Burnt Stainless Pots: the Natural Solution You Need

Posted by Laura Firszt | Jul 21, 2014
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Photo: Iwan Gabovitch/flickrIt’s not that we’re absent-minded, exactly. We’re just trying too hard to multitask. “We” refers to a segment of the population that spends an inordinate amount of time online, Googling remedies for our recurring, shameful problem … burnt pots. Have you ever put a saucepan full of rice or beans on the stove and merrily gone off to hang a load of laundry or pay a batch of bills, only to return to the kitchen (too late!) and been confronted with that horrible burning smell? Then you need the lowdown on naturally cleaning burnt stainless steel pots and pans – what works, what doesn’t.

Soaking (and Hoping)

For more years than I’d care to admit, pouring hot or cold water into the crusty black mess on the bottom of the pot and leaving it all to sit for a few hours was my method of choice. Second only to avoidance, it made me feel that at least I was taking some kind of action. Problem was, while I was doing something, the water soak was not. It didn’t make the burn any worse, but neither did it make it appreciably easier to clean.

Elbow Grease

Since the patient “wait and see” approach was such a dismal failure, I decided I'd show the burned-on goop who was boss. I grabbed a scouring pad and got assertive. Still no luck … although my right biceps muscle became considerably more toned. Steel wool (the plain stuff, not the soap-saturated pads, which contain potentially toxic ingredients like sodium nitrite and titanium dioxide) was next on my go-to list; the results were more successful but hardly worth the huge effort. Besides, it scratched my stainless, as did my other elbow grease-y method, scraping with a knife. Not great for the knife, either.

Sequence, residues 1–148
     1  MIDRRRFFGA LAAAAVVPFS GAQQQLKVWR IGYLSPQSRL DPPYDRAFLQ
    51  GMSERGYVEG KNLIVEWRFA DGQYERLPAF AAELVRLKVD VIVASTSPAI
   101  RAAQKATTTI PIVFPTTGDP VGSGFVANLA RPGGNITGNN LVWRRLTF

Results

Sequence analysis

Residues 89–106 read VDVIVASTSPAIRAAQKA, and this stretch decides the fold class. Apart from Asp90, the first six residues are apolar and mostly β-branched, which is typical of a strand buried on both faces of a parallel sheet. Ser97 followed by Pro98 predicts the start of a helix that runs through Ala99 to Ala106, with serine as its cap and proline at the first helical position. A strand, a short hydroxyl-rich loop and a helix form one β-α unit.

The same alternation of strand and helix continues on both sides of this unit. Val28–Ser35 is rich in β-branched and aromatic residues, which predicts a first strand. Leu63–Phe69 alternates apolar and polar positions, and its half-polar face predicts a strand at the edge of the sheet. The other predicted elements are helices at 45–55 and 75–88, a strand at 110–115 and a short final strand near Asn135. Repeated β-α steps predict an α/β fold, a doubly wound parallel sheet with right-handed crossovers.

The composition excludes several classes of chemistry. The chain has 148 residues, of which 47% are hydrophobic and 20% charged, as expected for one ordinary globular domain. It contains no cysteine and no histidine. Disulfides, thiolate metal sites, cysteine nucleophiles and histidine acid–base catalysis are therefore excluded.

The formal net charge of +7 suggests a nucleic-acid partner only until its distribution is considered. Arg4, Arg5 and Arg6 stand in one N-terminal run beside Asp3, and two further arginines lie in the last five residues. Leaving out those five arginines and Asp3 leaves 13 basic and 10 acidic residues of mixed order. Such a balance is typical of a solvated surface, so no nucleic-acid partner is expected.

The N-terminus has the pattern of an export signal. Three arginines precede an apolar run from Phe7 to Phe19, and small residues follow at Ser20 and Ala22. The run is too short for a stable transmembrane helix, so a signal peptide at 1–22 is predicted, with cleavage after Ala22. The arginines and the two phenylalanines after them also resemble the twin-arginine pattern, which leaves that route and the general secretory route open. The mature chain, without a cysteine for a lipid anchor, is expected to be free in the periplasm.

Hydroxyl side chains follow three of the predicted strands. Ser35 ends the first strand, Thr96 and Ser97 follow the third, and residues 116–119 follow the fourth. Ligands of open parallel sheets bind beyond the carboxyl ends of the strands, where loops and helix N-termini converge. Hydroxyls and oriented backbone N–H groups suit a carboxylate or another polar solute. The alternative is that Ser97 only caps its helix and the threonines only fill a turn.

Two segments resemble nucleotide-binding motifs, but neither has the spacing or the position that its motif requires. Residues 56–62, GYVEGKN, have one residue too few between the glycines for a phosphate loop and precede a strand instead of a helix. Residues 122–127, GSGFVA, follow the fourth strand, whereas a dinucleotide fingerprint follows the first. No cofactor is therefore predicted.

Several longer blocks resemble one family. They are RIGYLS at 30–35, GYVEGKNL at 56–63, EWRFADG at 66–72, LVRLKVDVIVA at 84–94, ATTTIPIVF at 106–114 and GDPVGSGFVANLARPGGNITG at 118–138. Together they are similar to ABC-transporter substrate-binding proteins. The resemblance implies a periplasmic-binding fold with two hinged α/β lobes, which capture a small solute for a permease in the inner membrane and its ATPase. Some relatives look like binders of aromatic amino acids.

When I strayed out of my cleaning comfort zone, I was ready to trust suggestions from anonymous posters on the Internet more than my own tired brain. Filling the poor pot with heavily salted water and boiling hard sounded promising. At least it didn’t involve any scary-sounding chemicals and I vowed that I wouldn’t leave my pot unattended this time. Unfortunately the salt water boil worked about as well as ... or rather, as badly as the solutions I had come up with on my own.  

Baking Soda Paste

Baking soda is one of the stars of the environmentally aware cleaning scene these days. I got very excited when I first heard about the idea of using baking soda paste as a substitute for oven cleaner and other harsh cleaning agents. The result was that I went on a binge, merrily spreading it on all sorts of things, from the inside of my oven to my stainless steel pots. The moment of reckoning came, though, when I tried to wipe the now dry paste off. It left a gritty, messy residue that was very difficult to remove completely. And since my goal was to clean eco-friendly and easy, baking soda paste was a fail in my book.


Next I tried a suggestion from Apartment Therapy – a 50-50 vinegar and water solution. After putting this mix into my long-suffering pot, I turned on the burner and let it simmer for a minute or two. Then I turned off the flame and added a couple of tablespoons of baking soda, figuring that, mixed with liquid, it would be easier to get rid of afterwards. And voila! Clean, clean stainless steel at long last! FRINGE BENEFIT: I poured the vinegar/water/soda mixture into my toilet bowl when I was finished so it could also get a bit of green clean benefit. Some folks recommend subbing stewed tomatoes (which have a high level of acidity) for the vinegar in this formula. However, experienced plumbers in Atlanta and other American cities strongly advise against disposing of solid food via the toilet.

Laura Firszt writes for networx.com.

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